Pest experts are one step closer to eradicating ‘world’s worst invaders’ on Maui

Nahiku was once home to Maui's largest infestation, potentially containing several million queens and several billion worker ants.
Published: Oct. 28, 2022 at 6:28 PM HST|Updated: Oct. 28, 2022 at 6:51 PM HST
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NAHIKU (HawaiiNewsNow) - Maui Invasive Species Committee is slowly but surely winning a grueling fight against Little Fire Ants.

MISC has managed to shrink the island’s largest infestation in Nahiku by partnering with helicopter pilots to attack the tiny invasive ants from above.

“It can serve as a model for what other islands here in the state can do,” said MISC Invasive Ant Supervisor Brooke Mahnken. “We’ve actually spoken to people from Guam and the international community is interested in our success, to replicate what we’re doing here on Maui.”

Nahiku’s infestation potentially contained several million queen ants and several billion worker ants.

The product MISC sprays from the sky is an insect growth regulator. It is a mixture of water, vegetable oil, beef liver powder, and xanthan gum. It works as birth control for the queen.

“Little Fire Ants are miserable little stinging pests that form super colonies and can infest acres and hundreds of acres. They rain out of trees, they sting people, they can sting pets’ eyes, cause blindness in animals, miserable to harvest agriculture,” Mahnken said.

“People have abandoned ancestral lands due to Little Fire Ants. They’re a real pest. They’re one of the world’s worst invaders.”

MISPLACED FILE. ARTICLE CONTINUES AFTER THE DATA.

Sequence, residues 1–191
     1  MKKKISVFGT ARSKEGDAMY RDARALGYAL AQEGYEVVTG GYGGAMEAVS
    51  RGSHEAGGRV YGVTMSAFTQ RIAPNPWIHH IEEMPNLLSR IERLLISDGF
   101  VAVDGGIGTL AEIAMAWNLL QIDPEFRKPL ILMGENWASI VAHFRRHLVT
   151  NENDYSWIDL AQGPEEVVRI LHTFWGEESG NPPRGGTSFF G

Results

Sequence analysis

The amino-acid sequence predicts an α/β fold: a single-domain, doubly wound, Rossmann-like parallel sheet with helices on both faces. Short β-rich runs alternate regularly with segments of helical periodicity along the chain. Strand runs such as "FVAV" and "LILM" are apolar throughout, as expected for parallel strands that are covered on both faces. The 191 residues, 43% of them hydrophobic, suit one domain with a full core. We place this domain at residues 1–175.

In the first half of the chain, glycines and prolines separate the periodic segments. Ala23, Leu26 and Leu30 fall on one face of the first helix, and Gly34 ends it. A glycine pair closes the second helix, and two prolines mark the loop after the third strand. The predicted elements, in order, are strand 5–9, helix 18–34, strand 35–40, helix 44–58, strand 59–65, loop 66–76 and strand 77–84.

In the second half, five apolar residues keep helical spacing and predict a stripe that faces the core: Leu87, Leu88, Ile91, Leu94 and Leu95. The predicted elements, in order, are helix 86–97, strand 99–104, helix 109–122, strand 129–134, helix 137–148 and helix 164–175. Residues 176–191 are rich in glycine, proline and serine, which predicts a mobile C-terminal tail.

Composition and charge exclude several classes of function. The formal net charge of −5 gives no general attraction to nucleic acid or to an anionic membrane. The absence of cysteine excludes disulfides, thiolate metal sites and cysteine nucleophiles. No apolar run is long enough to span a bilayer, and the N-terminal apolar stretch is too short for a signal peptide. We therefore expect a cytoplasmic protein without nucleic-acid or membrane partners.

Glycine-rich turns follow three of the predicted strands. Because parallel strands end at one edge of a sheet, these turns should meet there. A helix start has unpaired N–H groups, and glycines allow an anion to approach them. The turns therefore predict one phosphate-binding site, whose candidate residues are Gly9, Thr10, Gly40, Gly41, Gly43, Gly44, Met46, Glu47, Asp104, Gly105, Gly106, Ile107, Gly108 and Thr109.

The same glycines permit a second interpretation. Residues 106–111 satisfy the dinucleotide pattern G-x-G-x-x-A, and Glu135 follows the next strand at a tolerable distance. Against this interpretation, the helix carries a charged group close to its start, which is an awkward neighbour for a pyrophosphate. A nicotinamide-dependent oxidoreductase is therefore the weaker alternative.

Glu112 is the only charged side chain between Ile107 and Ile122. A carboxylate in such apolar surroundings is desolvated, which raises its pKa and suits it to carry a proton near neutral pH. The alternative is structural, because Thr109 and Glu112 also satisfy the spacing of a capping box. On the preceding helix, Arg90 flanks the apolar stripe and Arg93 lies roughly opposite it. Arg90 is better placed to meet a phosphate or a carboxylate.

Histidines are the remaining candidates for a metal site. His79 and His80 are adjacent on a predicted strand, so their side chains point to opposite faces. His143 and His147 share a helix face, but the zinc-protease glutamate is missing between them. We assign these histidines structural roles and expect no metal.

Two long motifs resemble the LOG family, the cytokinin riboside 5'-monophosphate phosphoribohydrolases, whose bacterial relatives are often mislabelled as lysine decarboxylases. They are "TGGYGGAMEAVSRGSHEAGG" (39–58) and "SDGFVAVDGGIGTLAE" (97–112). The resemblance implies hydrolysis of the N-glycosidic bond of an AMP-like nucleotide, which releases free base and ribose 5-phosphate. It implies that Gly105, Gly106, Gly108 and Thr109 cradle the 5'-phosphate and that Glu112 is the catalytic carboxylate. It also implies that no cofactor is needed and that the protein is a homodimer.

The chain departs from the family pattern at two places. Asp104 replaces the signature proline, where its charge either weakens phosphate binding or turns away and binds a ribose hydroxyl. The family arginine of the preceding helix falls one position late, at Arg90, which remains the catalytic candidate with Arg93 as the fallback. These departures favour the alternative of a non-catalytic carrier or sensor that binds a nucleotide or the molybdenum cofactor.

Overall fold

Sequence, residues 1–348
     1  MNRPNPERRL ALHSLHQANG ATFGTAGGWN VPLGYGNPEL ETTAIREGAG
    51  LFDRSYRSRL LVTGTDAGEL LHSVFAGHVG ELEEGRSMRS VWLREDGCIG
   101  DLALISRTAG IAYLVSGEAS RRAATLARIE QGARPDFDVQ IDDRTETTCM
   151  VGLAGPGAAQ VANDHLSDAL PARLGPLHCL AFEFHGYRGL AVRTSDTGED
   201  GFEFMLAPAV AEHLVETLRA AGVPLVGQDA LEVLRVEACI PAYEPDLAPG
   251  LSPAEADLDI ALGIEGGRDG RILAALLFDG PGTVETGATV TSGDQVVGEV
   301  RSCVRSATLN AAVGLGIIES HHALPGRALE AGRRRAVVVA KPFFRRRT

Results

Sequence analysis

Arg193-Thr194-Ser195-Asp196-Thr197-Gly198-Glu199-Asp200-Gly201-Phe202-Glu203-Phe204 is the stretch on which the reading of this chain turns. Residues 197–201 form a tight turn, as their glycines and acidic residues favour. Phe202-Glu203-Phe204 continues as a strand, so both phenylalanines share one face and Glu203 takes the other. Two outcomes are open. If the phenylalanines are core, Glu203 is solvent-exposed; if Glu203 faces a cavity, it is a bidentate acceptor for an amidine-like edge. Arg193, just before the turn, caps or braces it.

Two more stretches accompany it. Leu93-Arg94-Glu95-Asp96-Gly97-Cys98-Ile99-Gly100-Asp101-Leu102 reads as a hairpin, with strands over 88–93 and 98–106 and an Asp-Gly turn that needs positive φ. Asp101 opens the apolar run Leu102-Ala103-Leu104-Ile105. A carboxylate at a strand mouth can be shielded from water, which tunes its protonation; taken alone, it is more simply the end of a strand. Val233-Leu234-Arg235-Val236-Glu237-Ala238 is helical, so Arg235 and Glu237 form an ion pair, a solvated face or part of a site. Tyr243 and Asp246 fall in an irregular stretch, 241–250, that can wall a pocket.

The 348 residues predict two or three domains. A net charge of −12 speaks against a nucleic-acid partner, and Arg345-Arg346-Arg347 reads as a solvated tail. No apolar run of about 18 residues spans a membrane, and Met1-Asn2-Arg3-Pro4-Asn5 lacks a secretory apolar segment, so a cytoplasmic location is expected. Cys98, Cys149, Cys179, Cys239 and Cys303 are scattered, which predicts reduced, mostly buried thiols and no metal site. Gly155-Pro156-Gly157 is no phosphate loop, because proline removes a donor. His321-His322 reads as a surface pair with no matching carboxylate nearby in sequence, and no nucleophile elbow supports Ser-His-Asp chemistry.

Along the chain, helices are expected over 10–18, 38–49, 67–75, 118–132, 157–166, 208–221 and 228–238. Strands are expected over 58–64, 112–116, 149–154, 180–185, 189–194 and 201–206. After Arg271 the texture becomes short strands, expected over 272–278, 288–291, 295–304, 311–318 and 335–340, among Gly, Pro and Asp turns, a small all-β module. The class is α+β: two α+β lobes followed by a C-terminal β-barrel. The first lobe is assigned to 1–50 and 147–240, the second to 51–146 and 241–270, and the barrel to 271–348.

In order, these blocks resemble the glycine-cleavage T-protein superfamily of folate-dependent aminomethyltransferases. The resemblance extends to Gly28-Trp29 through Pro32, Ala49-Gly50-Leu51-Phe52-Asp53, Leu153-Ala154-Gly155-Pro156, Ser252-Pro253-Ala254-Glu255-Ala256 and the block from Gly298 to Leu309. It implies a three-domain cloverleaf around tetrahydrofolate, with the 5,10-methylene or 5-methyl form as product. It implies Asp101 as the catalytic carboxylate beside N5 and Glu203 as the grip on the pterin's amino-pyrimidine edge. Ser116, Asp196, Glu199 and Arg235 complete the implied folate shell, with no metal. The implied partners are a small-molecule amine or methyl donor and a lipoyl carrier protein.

MISC recently completed a massive survey where 34 people collected more than 5,000 samples throughout 175 acres in Nahiku over the course of three weeks.

“I’m extremely pleased with over 5,000 samples, we only collected a handful of samples that contain Little Fire Ants, less than five samples had Little Fire Ants. So what was once Maui’s largest infestation is now one of Maui’s smallest infestations,” said Mahnken.

MISC is continuing to treat the area, but expect the ants to be entirely wiped out from the place by next year.

“We have a demonstrated track record of success eradicating Little Fire Ants in large and small infestations and that’s what we would like to continue doing,” Mahnken said.

There are five eradicated Little Fire Ant site and eight active sites on Maui.

MISC is monitoring six sites, meaning no ants are currently detected. MISC monitors for five years before deeming a site eradicated.

Anyone can help MISC with the fight for eradication. All you need is a chopstick and some peanut butter.

To learn more, click here.

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